A growing number of businesses have promised to boycott Indiana in response to a new “religious freedom” bill. The bill allows business owners to deny service to customers if their religious beliefs dictate that they must, but both supporters and critics of the bill have said that its real purpose is to help business owners avoid serving the LGBT population. In protest, several entertainers have canceled their tour dates in Indiana, many high-ranking business executives have spoken out against the law, and the governors of Washington, New York, and Connecticut have imposed bans on state-funded travel to the state.
Now, Arkansas seems headed for a similar fight. The state legislature passed a similar bill, and Arkansas Governor Asa Hutchinson has promised to sign it if it makes it to his desk. Growing pressure from businesses such as Walmart, which is based in Arkansas, could thwart the bill.
Across the nation, the specter of discrimination still figures prominently in the lives of LGBT people. More than 75% of LGBT students say they’ve been bullied, and LGBT teens are more than twice as likely as other teens to attempt suicide.
Teens experiencing mental health crises and thoughts of suicide often don’t seek help. If help is just a text away, though, teens may be more likely to reach out. NYC Teen Text has begun offering text-based mental health interventions for teens in 10 New York high schools. For now, the program is an experiment, but if it works, it could spread to other schools.
Treating the lived experiences of people with mental health issues as an easy joke is nothing new, and the National Council for Behavioral Health says BMW is now among the companies that have used mental illness for easy entertainment. The organization asked BMW to pull an ad that it says presents an inaccurate and damaging portrayal of a “crazy” woman. Though BMW has apologized for the ad, it has not said whether it intends to pull it.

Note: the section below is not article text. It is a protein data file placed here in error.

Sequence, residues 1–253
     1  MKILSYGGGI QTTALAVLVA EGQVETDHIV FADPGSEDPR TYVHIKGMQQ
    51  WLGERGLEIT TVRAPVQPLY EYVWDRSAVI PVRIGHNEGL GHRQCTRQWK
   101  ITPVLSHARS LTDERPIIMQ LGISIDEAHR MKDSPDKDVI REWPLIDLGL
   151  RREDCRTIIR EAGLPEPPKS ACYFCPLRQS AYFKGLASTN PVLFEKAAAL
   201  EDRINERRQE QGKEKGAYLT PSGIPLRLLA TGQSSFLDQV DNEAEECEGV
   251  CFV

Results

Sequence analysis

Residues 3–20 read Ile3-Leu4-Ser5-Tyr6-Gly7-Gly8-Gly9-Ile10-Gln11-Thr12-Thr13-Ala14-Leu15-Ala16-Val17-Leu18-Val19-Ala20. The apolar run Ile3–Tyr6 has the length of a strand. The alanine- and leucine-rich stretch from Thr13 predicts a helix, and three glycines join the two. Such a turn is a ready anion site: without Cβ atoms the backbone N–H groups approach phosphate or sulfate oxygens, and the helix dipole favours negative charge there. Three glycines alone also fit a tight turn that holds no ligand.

Advertisements for therapy, crisis assistance, and online counseling are now commonplace on social media, but a new social network hopes to offer preventative mental health care. Panoply, a platform administered by Northwestern University and MIT, is an experimental social network designed to encourage users to be more flexible in the ways they think about their problems. The platform relies on a tool called cognitive reappraisal to help users re-frame their thoughts. The platform’s developers intend to widen its reach soon, though it’s unclear whether Panoply will ever be widely available.
The increasing suicide rate among military members has led many mental health advocates to speculate that the wars in Afghanistan and Iraq have played a role. According to a new survey of nearly 4 million military members, this may not be the case. Those who served in these two wars did not have a higher rate of suicide. Researchers did find that leaving the military increased the risk of suicide, possibly because of the power this move has to disrupt a soldier’s sense of identity.
Parents play a critical role in the fight against childhood obesity, but a new study suggests parents may not notice when their child needs help. The study, which followed nearly 3,000 UK families, found that only four parents thought their children were overweight. Researchers estimated that 369 children in the study were overweight.
A study that gathered data from more than 1,200 Texas drivers between 2011 and 2013 has resulted in a profile of distracted drivers. Those under 25 are four times as likely as older people to text, with women 63% more likely than men to text and drive. People were also more likely to text while driving when no one else was in the car. During the study, the number of drivers who texted while driving increased from 6.4% to 8.4%.
Though doctors have established a number of correlations between environmental factors—such as early exposure to pollutants—and asthma, much remains unclear about what causes the condition. Drawing on data from more than 92,000 children, researchers have discovered that childhood stress can increase the risk of developing asthma. Children who had at least one adverse childhood experience were 28% more likely to develop asthma. Researchers also found that the most common adverse childhood experience was the separation or divorce of a parent.
© Copyright 2015 GoodTherapy.org. All rights reserved.
The preceding article was solely written by the author named above. Any views and opinions expressed are not necessarily shared by GoodTherapy.org. Questions or concerns about the preceding article can be directed to the author or posted as a comment below.